Twenty years ago, “disruptive innovation” was introduced to educational lexicon by Clayton Christensen largely within the context of technology. Personal computers and rapid new technological inventions were going to fundamentally change the system of schools. A decade ago, flattened global economic relationships were going to fundamentally change schools as we shifted learning to prepare students for jobs of the future that do not even exist today. Both of those drivers–technology and economics–have had significant impact on some, but certainly not all, schools and the learning experience of students.
A third major driver–politics–may turn out to be the most significant disrupter of schools, and in ways that are the least equitable, even, or easy to predict. In this overview in The Atlantic, Laura McKenna scratches the surface of potential impacts of not only a Trump presidency, but, more importantly she believes, the combination of Republican power at both the federal and state levels. While it is too early to predict actual impacts, the 2016 elections have dramatically elevated the level of VUCA (volatility uncertainty, complexity, and ambiguity) for education. Schools have been notoriously slow to change in the past, which makes them poorly adapted to succeed, or even to function well, in VUCA world.
There is nothing inherently fair, nice, or equitable about VUCA world. On the contrary, as I and others have continued to argue, VUCA world has more features of natural ecosystems where evolution results in winners and losers, not based on human perceptions of good and bad, but as a function of natural selection. In human VUCA systems, winners and losers may be chosen by changes in political, social, and economic power which, as we have seen this fall, can turn extremely quickly, and with highly unpredictable outcomes.
Schools of all types will be fundamentally impacted in highly VUCA ways by decisions made in Washington, ranging from a Secretary of Education with little affinity with traditional public school interest bases, to a likely shift of funding from federal to state or local control. Steep increases in school choice over the past decade in many cities and regions may increase even faster. Individual schools will win, lose, sprout up, and disappear at an increasing rate due to a combination of market conditions (vouchers?), school choice, and political forces. If history is a guide, some states, unburdened by the carrots and sticks of Washington, DC will revert to policies of the past that foster racial segregation and economic inequity. Others will support innovative school models that allow greater access to an education that breaks down barriers to upward social and economic mobility.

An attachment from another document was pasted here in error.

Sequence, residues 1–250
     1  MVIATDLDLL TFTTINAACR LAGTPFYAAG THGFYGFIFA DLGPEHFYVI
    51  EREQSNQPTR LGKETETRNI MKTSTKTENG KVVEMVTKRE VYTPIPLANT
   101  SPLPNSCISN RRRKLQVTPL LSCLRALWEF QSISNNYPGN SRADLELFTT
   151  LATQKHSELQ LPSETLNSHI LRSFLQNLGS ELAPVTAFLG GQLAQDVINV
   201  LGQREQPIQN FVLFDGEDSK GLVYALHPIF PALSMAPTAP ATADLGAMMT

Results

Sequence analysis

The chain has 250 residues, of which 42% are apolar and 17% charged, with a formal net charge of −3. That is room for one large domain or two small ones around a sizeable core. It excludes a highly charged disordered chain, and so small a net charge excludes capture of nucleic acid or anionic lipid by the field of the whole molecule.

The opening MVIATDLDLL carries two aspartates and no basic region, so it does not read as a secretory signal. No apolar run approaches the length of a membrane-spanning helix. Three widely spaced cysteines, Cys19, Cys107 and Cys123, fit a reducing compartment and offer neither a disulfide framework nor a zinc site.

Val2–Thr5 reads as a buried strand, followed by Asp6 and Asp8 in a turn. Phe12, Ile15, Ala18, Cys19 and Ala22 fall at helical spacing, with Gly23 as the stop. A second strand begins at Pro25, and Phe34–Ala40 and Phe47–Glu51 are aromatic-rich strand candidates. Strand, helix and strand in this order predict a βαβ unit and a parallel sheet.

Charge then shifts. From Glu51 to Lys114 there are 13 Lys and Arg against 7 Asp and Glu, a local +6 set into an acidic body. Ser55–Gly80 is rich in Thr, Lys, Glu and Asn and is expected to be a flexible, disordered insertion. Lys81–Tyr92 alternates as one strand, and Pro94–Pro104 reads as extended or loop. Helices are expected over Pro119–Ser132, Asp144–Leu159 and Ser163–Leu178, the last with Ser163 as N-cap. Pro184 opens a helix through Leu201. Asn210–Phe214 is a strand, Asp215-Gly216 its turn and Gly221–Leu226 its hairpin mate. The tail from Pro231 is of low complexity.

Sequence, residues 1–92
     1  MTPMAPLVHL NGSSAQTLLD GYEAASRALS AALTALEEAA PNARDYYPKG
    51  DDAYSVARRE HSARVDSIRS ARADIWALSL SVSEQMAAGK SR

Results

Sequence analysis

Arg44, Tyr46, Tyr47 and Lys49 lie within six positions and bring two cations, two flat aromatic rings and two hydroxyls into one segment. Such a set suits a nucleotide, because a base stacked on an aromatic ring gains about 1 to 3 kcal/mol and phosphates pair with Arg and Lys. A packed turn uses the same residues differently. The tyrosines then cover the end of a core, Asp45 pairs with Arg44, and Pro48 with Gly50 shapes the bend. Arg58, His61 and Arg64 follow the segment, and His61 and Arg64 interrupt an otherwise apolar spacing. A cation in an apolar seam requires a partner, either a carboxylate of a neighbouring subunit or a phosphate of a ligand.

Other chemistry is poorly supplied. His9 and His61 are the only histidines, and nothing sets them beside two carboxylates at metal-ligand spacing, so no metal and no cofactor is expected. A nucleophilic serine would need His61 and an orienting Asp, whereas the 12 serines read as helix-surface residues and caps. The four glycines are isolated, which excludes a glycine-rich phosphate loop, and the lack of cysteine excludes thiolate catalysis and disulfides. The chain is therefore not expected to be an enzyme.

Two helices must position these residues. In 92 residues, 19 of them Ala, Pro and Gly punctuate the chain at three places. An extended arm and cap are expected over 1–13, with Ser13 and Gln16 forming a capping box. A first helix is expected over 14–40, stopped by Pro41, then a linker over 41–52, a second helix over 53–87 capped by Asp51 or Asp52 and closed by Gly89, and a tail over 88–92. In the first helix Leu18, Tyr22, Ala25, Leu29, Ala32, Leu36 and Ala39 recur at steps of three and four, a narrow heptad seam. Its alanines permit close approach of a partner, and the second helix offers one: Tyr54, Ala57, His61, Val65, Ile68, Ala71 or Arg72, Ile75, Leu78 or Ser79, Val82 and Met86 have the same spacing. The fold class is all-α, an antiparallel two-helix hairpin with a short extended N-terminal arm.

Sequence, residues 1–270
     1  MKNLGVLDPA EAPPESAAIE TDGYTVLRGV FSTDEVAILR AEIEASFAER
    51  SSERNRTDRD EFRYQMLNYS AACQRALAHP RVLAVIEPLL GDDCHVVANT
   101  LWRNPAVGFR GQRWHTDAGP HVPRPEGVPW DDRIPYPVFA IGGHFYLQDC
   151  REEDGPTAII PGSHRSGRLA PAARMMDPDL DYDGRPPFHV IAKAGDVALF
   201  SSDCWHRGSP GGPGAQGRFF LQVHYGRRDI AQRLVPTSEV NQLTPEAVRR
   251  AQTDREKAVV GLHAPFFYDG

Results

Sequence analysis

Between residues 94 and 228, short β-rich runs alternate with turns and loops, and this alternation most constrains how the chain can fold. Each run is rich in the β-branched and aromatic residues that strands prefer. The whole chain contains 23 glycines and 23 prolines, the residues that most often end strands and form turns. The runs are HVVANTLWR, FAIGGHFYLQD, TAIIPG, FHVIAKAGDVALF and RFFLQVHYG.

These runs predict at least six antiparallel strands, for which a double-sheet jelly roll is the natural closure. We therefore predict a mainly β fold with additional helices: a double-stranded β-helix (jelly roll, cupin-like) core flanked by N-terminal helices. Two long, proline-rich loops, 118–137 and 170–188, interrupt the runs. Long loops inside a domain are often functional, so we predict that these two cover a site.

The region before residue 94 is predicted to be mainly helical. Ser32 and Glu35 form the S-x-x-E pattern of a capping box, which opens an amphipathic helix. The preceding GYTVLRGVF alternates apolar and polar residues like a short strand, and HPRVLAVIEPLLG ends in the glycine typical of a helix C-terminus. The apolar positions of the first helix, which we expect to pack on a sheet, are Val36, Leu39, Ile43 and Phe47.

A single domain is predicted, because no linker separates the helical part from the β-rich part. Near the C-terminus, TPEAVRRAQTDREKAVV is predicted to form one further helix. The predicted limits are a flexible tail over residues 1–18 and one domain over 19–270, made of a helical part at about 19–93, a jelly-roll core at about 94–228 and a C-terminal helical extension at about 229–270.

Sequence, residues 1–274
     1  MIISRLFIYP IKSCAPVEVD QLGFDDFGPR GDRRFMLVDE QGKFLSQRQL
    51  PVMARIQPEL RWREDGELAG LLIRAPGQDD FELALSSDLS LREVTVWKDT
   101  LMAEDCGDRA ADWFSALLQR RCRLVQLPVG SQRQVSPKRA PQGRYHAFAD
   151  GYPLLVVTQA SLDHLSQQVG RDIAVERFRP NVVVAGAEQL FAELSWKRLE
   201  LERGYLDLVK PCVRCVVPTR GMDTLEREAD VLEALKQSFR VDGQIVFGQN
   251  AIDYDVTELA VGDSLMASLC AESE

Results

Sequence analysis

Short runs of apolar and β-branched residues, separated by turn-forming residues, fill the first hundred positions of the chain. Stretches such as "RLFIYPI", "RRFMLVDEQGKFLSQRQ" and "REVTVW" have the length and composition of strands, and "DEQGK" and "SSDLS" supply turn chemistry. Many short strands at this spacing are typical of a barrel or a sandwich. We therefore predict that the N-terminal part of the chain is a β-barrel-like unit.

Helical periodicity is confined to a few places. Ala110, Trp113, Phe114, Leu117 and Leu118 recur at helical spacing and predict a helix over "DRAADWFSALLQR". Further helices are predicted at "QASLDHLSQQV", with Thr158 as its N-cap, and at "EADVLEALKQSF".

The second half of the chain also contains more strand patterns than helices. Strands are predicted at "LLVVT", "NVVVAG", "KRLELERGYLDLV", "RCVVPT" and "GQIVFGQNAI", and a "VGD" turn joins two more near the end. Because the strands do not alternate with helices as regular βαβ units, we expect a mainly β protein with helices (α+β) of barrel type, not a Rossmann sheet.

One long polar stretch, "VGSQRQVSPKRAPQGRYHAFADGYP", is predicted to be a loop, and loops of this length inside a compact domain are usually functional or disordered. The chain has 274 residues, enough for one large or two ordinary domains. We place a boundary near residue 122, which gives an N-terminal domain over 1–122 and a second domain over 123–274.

Impacts ranging from enrollment management to labor laws, health care for employees, and curriculum standards will vary widely depending on the type of school, location, demographics, and market demand. The constant for all school leaders is to understand that VUCA world is fundamentally different from the education world of ten or fifteen years ago. School cultures that thrive in VUCA world are staffed with people who have the skills to manage VUCA, not just the skills to teach subject material to students. VUCA can feel like constant whiplash, or it can feel like a learning laboratory. It can be all pain, or it can be a combination of pain and gain. By definition it is not going to be simple or predictable, other than we can predict it will be VUCA, and the rate at which changes that impact your school is only going to increase.